So I was recently curious about the sound that people sneeze with in other languages and was surprised to notice the difference between the English onomatopoetic word "Achoo" and that of other ...
I've read so many questions in ELL on the origin of English words. But I've never found the origin of the word English itself. I'm also curious about the history of English as a language. I mean, in ...
As far as I know, there are four verbs (swear, bear, tear, and wear) whose simple past forms used to be (archaically) sware, bare, tare, and ware; but are now exclusively swore, bore, tore, and wore. ...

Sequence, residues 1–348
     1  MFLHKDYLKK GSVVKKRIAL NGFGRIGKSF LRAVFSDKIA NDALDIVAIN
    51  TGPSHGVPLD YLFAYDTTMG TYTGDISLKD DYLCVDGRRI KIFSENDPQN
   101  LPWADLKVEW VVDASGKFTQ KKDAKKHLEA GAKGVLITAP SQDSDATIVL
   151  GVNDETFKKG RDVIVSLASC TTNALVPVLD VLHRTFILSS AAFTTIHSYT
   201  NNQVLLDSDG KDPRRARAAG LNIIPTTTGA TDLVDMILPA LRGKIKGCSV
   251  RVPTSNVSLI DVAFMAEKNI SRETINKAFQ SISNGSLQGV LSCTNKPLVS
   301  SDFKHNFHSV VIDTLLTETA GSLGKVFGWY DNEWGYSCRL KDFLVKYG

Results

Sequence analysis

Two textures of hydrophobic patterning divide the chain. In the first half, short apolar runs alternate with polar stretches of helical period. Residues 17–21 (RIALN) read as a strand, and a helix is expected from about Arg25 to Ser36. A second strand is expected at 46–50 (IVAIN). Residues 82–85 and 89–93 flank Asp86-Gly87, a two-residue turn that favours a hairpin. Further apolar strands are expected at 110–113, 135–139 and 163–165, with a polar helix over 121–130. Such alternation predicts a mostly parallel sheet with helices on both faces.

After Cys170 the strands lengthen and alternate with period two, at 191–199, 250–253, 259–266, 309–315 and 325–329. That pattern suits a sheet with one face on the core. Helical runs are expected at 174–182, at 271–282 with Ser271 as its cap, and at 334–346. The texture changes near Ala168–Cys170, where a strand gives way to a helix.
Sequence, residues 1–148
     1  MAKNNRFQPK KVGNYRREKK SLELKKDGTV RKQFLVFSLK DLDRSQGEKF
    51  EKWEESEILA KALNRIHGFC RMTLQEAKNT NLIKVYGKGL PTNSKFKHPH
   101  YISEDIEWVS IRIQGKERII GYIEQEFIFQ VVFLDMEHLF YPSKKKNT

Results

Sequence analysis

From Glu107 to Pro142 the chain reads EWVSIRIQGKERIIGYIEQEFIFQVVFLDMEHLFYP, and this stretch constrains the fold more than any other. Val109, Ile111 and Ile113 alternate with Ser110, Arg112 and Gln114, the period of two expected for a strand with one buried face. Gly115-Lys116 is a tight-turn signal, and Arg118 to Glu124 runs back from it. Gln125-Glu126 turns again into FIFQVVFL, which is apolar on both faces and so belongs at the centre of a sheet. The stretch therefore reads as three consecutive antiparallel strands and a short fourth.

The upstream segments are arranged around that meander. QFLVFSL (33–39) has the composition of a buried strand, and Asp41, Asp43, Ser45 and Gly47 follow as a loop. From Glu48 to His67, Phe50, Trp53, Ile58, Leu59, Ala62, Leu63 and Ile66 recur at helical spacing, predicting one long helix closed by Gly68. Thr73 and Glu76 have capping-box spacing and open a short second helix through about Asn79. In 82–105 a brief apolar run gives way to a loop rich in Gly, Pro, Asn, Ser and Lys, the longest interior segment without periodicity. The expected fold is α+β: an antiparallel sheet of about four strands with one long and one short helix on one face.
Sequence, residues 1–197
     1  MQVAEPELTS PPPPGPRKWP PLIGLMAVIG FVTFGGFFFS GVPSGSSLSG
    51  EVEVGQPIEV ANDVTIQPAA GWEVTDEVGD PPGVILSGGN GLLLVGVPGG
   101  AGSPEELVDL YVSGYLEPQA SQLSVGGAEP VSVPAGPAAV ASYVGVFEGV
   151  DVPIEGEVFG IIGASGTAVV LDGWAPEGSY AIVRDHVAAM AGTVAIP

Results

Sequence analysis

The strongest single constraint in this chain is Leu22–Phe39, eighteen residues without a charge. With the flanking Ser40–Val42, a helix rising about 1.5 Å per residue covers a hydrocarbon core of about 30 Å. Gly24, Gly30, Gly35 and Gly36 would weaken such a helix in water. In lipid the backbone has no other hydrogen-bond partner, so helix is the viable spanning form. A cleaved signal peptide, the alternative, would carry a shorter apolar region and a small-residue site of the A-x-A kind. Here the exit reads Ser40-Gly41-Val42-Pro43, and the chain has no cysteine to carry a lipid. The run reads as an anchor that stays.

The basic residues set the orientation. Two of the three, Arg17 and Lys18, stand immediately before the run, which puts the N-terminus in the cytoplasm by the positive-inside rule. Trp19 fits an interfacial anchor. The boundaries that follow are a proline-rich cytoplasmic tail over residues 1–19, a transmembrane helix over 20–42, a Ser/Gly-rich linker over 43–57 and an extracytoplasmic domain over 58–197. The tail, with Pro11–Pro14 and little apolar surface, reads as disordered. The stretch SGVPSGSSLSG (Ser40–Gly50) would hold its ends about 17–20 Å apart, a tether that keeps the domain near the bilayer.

Once in a great while I stumble across a strange fact about an English phrase or term that originated directly from film or print. For instance, "Be afraid. Be very afraid." - Originated from the ...
What are some of the earliest acronyms and did they know it was an acronym at the time?
The Old English meaning of "to dwell" (dwellan) is to mislead. Can we trace the gradual shift from this original sense to that of Modern English: to reside, to inhabit ?
I have noticed a pattern involving vulgarities where the previous generation's evil words become accepted as merely off-color or rude in the following generation. Is this merely each generation's ...
It is to me a curious fact that the subjunctive mood of verbs in English has so nearly disappeared in modern times. In fact, even the correct form and usage of the subjunctive in Modern English barely ...